To understand risk management, you need to know the four core principles. (1) risk acceptance is a willingness to accept a loss; (2) risk reduction is the practice of reducing the exposure of an asset; (3) risk transfer means transferring risk by purchasing insurance to cover or partially cover a loss; and, (4) risk avoidance is the practice of placing an asset outside the effective reach of the threat element.
The risk management formula considers the following:
- Threat (T) to an asset
- Multiplied by the vulnerability (V) of the asset
- Multiplied by the consequence (C) of an attack on that asset
As a result, the risk management formula is R = T x V x C. As we develop our countermeasures to ensure expected risk mitigation results, we continuously assess risk to identify new threats, vulnerabilities, or other changes that could increase the risk level beyond an acceptable threshold. Threats can have moderate, significant, catastrophic, or severe consequences and can be divided into two major categories: natural and human.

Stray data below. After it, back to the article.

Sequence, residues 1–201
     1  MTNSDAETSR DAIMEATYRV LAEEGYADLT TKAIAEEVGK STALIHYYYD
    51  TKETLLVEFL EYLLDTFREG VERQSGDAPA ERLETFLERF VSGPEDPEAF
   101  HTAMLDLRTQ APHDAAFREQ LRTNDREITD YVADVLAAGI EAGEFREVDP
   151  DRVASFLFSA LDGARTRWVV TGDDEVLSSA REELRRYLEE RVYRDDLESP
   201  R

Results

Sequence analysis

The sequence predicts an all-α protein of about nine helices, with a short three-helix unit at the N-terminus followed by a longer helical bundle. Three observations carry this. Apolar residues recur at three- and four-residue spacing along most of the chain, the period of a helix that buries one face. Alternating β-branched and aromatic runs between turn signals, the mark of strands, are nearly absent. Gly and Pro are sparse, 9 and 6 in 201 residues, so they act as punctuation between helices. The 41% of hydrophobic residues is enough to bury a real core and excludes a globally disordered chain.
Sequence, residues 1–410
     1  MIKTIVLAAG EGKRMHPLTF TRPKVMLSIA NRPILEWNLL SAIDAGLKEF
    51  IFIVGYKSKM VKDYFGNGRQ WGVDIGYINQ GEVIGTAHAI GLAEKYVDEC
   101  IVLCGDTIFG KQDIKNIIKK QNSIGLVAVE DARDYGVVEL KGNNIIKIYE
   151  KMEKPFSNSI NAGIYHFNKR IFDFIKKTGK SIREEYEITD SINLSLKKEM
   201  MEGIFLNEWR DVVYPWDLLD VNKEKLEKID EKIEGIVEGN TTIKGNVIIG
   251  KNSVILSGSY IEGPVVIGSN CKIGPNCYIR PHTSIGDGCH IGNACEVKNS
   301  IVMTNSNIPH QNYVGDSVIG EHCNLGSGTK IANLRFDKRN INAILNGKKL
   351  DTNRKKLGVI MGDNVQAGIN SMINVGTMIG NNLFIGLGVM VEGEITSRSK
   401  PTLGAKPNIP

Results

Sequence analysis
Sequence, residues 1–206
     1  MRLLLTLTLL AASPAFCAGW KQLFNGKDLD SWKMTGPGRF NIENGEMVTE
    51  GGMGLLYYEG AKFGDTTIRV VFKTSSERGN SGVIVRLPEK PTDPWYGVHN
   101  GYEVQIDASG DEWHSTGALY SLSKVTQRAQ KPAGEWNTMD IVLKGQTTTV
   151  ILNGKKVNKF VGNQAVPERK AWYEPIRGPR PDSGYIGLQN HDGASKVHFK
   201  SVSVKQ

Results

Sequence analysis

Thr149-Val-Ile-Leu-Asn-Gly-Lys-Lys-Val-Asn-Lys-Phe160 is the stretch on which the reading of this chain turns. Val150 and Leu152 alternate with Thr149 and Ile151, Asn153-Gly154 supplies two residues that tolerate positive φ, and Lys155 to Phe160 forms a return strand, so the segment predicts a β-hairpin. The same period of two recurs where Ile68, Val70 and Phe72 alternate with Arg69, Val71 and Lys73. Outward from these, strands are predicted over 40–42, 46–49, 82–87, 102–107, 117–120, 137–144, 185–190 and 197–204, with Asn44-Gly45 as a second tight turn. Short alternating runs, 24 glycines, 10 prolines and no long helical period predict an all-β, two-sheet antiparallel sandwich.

Examples of natural threats are mainly weather-related, such as floods, tornadoes, hurricanes, snow storms, wild fires, and earthquakes. Human threats can be separated into accidental and intentional. An accidental threat could be a hazardous material spill or power failure. Intentional threats are primarily criminal in nature and can range in severity from theft and diversion to more serious active shooter incidents or acts of terrorism. Our risk management is designed to identify these threats, determine their probability, look at the possible consequences of these events, and create processes to manage this risk.